I am very fortunate to have a small army of people helping me document the Lake Okeechobee discharges this year. Presently, it is the tremendous rate of government sponsored discharge from Lake O that is destroying the regions’ economy and ecology, right before our eyes, ~once again.
Friends of my husband, pilots Dave Stone and Scott Kuhns, took these aerials yesterday, 11-8-17 around 5 pm. When I asked Scott about the plume, he relayed that it went 15 miles south almost all the way to Jupiter Inlet, and since there is also rain driven, fresh, dark- stained water flowing out of the Jupiter Inlet (not over-nutrified, black-sediment water from Lake O) there was no clear delineation of blackened plume to aqua ocean water, like usual–rather, the waters are all dark….
“How far did the plume go east from the St Lucie Inlet?” I asked. “From the coast, as far as the eye could see…”
*The ACOE has been discharging from Lake O since Hurricane IRMA hit on Sept 2oth, 2017. The rate of discharge has gone up and down, however increasing over recent weeks. Word is the St Lucie could be dumped on for many more months, possibly through the end of the year. So don’t count on taking your visiting relatives out fishing this holiday season even though you moved here for the water. This ecological disaster is finally seeing light at the end of the tunnel as Senator Joe Negron, alongside the public, and “River Warrior” groups, particularly Bullsugar, has pushed so hard that the SFWMD and ACOE are finally working towards building an EAA Reservoir that will begin the long journey of changing water drainage culture in South Florida, and “sending the water south.” Please get involved and learn more by viewing this SFWMD EAA RESERVOIR website:https://www.sfwmd.gov/our-work/cerp-project-planning/eaa-reservoir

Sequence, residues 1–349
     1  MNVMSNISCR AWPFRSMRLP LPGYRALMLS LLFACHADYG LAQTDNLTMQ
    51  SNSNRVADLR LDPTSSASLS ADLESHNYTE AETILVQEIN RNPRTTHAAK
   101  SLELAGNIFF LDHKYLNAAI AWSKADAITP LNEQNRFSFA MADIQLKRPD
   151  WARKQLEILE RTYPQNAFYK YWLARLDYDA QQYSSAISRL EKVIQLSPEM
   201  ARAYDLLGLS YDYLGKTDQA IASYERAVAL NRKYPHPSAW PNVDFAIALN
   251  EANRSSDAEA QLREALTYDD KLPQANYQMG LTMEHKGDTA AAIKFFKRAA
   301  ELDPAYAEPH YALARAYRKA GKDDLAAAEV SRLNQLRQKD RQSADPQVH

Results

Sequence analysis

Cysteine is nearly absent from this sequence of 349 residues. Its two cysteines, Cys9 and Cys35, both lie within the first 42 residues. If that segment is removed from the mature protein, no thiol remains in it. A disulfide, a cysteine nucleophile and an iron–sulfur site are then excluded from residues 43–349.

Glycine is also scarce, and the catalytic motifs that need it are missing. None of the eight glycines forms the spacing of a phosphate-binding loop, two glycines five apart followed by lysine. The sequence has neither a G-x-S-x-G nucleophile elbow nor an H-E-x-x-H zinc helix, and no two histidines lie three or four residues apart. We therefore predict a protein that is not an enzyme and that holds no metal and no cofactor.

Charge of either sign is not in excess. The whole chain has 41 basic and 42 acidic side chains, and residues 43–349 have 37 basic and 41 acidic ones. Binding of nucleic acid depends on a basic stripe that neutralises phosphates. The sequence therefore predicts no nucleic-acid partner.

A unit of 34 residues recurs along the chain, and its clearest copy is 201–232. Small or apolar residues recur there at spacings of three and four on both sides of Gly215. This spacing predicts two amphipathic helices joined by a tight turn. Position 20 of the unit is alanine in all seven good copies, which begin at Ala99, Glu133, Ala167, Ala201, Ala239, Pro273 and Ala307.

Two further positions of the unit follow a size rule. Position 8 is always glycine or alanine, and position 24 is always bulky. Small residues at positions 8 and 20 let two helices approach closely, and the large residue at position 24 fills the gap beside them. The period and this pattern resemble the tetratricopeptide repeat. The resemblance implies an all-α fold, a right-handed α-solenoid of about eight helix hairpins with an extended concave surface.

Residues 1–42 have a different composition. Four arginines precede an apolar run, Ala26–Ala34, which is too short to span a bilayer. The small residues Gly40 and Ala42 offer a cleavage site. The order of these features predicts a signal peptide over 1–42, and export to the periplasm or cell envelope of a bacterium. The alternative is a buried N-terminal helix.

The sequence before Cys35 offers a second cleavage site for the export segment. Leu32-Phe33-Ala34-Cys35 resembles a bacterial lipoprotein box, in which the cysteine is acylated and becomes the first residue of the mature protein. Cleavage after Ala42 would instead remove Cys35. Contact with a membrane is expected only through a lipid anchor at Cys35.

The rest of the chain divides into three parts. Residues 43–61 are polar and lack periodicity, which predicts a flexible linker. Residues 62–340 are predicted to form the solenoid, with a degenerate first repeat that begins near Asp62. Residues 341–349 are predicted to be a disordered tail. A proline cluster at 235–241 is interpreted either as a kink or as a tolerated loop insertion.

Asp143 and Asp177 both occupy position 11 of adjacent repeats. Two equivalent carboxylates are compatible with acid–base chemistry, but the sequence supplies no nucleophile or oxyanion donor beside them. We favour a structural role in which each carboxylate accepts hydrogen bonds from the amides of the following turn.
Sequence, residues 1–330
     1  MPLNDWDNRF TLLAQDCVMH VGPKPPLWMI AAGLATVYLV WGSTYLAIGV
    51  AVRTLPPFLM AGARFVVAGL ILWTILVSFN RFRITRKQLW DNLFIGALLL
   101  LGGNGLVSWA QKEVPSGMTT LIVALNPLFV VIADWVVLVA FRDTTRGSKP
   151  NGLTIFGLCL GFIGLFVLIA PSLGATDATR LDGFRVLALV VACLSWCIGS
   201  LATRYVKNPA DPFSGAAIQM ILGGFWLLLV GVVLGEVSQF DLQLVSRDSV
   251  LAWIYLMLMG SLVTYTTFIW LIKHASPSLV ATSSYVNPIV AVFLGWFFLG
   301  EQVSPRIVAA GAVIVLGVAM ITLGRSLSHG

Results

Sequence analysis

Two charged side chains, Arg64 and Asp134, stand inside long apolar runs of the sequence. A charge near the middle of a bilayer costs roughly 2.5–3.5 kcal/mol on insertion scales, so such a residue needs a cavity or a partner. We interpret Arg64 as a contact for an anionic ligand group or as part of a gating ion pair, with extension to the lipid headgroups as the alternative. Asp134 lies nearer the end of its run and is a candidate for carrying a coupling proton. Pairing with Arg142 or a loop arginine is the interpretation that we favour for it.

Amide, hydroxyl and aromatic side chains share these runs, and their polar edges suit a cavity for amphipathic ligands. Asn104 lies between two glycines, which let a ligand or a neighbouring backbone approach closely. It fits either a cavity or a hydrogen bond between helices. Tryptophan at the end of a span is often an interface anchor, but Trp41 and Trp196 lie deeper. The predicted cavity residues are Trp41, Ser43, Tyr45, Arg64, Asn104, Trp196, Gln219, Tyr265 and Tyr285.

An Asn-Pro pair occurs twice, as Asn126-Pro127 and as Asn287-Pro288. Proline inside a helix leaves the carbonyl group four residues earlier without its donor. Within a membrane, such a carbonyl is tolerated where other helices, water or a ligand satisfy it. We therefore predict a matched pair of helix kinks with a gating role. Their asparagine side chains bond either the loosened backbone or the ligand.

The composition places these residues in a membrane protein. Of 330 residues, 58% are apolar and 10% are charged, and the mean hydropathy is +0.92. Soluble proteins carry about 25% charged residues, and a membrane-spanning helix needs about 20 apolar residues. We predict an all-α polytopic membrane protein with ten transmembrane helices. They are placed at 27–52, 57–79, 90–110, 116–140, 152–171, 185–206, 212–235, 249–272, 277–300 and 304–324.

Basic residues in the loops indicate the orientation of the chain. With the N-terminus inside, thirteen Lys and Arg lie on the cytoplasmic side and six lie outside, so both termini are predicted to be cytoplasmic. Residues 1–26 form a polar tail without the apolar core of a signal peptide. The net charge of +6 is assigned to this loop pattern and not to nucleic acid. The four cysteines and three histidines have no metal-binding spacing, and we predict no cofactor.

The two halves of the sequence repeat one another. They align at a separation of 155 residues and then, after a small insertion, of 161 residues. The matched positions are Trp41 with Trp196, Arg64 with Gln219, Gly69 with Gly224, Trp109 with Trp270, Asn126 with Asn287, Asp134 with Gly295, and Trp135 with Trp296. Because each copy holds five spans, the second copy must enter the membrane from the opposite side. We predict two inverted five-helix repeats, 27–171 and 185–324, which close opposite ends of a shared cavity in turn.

*Thank you to the people, and the children, groups such as the C4CW, Rivers Coalition, grandparents’ HOA email chains, leadership at Martin Health System, and to the those working for the agencies trying to help the St Lucie. As the River Kidz say:
“Right now billions of gallons of fertilizer, sewage, and legacy pollution from Lake Okeechobee are spewing into the St. Lucie River, carrying a new threat of toxic algae. Water managers may say Irma left them no choice, but of course that’s a half-truth…”
Documentation of primary and secondary plumes at St Lucie Inlet caused predominantly from human directed ACOE/SFWMD discharges post Irma and other from Lake Okeechobee & canals C-44, C-23, C-24, C-25. 10am, September 30, 2017. Primary plume out 3 miles; secondary 3 1/2 and not quite south to Peck’s Lake. We must continue to #ReplumbFlorida #forthefuture #forthewildlife #forthekidz #fortheeconomy for our #indianriverlagoon JTL/EL
At the recent Bullsugar “Fund the Fight” event, Captain Mike Connor introduced me to Montana based, award-winning fishing and hunting journalist, Hal Herring. I looked Hal straight in the eye, shook his strong hand and said, “It’s so nice to meet you Mr Herrington.” He smiled, eyes sparkling, and replied, “Herring mam. Like the fish.”